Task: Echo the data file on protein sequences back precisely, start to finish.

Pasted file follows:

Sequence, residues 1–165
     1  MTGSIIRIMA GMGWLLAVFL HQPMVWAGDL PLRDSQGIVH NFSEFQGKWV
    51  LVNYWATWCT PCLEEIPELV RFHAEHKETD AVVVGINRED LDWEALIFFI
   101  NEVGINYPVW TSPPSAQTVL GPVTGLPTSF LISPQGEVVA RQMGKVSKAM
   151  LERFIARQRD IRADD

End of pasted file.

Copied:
Sequence, residues 1–165
     1  MTGSIIRIMA GMGWLLAVFL HQPMVWAGDL PLRDSQGIVH NFSEFQGKWV
    51  LVNYWATWCT PCLEEIPELV RFHAEHKETD AVVVGINRED LDWEALIFFI
   101  NEVGINYPVW TSPPSAQTVL GPVTGLPTSF LISPQGEVVA RQMGKVSKAM
   151  LERFIARQRD IRADD